Transit New Music Festival, Leuven, Belgium

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Last weekend, Belgium basked in the same glorious autumnal sunshine as Britain, helping to make Transit, Leuven's annual new music festival, a most uplifting experience. Its location is a beautiful old university town close to Brussels. Transit – now in its second year, directed by Mark Delaere as part of the large-scale Flanders Festival – is quite modest in scope: just a weekend of concerts and seminars. Yet it is planned with ambition as well as imagination, and audiences are enthusiastic.

Three ensembles made an appearance, the first two of them Belgian. The well-established group Champ d'Action, conducted by Michael Finnissy, seemed a bit below par; Apsara, on the other hand, were as much to be congratulated as the composers they played for, making a recital of music for recorder quartet and percussion vastly more compelling than I'd feared.

The excellent Frankfurt-based Ensemble Modern performed the final concert under Kasper de Roo. The musical highlight of these three programmes was probably the last-named group's account of Kaija Saariaho's Graal Théâtre, with Jagdish Mistry a fine violin soloist. But the underrated American composer Alvin Curran's Four Flukes or Feldman's Follies proved a most engaging piece for a variety of recorders and improvising percussionist. And on the basis of his Knochen, a work of vivid contrasts and sometimes entertaining timbral inventiveness, I'd recommend British ensembles to explore the music of the young German composer Enno Poppe.

Dominating the proceedings, however, was our own Michael Finnissy's The History of Photography in Sound for solo piano, played by Ian Pace. The 11 "chapters" of this – the latest and largest of the composer's cycles of piano music, written between 1997 and 2000 – last five and a half hours; with breaks, this performance (only the second time, following a performance in London early this year, that the work has been played complete) began at 1.30pm on Saturday and concluded around 10.30pm.

Finnissy uses the word photography, he says, "and its plethora of associations, to convey a certain kind of musical material: documentary – snipped out from different periods in the past, and different locations across the world – a collection of exterior facts. These refugee facts are then situated, more or less provocatively, in the eventual composition." Quoting everything from Bach to a variety of folk musics, the result is a work that seems about much else – autobiography, for instance – beyond its musical materials and processes themselves.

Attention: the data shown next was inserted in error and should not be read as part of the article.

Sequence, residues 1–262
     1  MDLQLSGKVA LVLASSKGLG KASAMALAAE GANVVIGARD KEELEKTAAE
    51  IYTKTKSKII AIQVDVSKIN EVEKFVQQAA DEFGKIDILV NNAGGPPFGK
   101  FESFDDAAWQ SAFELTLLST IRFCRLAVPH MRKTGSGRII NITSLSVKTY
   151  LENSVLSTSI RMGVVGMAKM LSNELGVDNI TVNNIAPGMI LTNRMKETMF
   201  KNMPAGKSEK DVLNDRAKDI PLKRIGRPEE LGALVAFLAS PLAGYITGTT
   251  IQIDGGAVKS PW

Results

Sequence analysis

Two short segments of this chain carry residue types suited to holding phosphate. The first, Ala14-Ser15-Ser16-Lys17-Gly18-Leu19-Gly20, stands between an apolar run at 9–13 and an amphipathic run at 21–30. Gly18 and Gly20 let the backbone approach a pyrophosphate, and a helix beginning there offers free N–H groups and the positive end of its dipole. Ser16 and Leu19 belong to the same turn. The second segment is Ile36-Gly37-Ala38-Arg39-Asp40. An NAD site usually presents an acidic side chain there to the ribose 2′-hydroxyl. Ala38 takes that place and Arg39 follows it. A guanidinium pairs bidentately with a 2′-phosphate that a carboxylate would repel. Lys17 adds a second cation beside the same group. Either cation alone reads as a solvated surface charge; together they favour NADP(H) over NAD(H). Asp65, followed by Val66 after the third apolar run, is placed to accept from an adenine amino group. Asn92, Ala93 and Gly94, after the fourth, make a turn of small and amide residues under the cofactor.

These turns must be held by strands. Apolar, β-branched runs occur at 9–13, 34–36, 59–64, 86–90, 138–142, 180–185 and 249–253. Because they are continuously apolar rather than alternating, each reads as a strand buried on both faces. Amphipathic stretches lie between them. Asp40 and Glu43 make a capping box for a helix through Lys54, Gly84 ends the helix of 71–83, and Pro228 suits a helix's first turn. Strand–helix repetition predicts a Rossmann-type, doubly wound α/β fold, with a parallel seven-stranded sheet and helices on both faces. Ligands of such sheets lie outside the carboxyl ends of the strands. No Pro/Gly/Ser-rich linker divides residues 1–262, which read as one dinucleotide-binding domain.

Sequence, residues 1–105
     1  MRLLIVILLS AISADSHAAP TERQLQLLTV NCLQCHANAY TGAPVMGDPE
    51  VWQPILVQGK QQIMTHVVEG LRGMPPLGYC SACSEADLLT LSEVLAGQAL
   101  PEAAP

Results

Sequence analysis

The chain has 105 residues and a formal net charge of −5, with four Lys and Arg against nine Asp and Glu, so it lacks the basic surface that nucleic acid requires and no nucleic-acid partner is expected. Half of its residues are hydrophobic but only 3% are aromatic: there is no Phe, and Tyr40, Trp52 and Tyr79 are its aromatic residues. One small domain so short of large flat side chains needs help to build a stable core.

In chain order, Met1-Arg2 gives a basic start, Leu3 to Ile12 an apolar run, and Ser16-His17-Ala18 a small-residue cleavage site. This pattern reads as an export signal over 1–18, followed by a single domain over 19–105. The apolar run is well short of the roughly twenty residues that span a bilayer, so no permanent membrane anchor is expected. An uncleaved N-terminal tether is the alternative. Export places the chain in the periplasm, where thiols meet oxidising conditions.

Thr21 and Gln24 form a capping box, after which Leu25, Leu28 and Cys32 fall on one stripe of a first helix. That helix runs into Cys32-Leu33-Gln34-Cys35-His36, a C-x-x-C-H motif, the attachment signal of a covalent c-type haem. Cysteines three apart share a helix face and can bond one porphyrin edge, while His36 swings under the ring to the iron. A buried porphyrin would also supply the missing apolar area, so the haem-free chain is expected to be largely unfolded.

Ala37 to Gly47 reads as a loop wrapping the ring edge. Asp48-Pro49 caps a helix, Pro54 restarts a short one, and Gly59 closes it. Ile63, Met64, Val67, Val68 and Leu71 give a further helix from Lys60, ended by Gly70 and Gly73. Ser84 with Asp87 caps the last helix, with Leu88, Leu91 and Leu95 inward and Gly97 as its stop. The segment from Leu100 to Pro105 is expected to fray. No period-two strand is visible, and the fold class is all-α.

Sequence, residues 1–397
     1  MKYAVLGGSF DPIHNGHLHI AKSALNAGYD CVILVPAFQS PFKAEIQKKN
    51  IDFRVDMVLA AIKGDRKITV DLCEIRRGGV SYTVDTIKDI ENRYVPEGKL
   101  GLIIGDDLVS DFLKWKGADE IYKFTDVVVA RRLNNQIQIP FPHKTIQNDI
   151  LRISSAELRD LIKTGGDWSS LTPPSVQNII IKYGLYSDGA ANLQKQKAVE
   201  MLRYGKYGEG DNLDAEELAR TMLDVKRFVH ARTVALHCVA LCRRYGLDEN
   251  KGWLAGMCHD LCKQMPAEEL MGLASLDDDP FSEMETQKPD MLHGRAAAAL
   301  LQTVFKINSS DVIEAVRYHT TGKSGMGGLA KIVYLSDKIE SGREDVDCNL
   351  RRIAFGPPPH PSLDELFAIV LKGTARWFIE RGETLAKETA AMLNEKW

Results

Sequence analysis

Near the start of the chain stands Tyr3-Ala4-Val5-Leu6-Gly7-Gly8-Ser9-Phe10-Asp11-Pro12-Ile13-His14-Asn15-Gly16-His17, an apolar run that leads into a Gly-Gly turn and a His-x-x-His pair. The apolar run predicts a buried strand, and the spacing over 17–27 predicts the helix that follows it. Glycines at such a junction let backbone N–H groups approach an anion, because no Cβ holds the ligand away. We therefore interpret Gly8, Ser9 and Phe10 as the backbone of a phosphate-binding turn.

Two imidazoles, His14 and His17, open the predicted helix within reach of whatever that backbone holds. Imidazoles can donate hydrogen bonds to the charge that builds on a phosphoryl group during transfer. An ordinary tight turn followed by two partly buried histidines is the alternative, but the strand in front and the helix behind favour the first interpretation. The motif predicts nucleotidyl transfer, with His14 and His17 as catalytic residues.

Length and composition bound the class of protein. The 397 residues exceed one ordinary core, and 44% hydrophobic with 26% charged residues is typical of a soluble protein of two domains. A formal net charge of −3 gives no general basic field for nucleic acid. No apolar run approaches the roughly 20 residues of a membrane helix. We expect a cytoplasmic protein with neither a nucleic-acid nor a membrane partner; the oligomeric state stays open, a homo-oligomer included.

Provocation is also one possible reason for the work's sheer length, of course, as well as its formal and, often (though gratifyingly not always) textural complexity; there were times – notably, during chapter eight, entitled Kapitalistisch Realisme (met Sizilianische Männerakte en Bachsche Nachdichtungen), which lasts 70 minutes – when my ability to keep track of musical events was tried almost beyond endurance. But by then I'd not only already been grappling with Pace's performance for much of the previous six hours, but also with an illuminating two-hour seminar on the work that morning, presented by Christopher Fox.

I accordingly hope that Pace and others will continue to programme individual chapters. Some certainly yield their secrets more readily than others: chapter six, for example, Seventeen Immortal Homosexual Poets – the cycle's central axis – is easier to follow in harmonic as well as gestural terms than much of the rest, and it includes some of Finnissy's most beautiful music. With several chapters, however – and provoked into a different kind of listening by a short talk of the composer's own before chapter five – I occasionally found the music's obsession with collage-like structures, likened to what he called "display and denial", frustrating rather than the window onto fresh modes of listening that they are clearly intended to represent.

All in all, however, Finnissy's The History of Photography in Sound is an astonishing postmodernist achievement; the vividness of its writing for the piano is in itself a virtuosic accomplishment. Pace's achievement – mental as well as sheerly physical, and in variety of touch as well as deepening contrapuntal intelligence – was astonishing too.

Nor was this all, since some portions of the work were acc-ompanied by slide projections or video, provided by Ken Scott and Anouk De Clercq; these evoked many associations, like the music, but not ones always readily linked to the aural experience. Imaginative though some of these images were, I found them distracting more often than illuminating.

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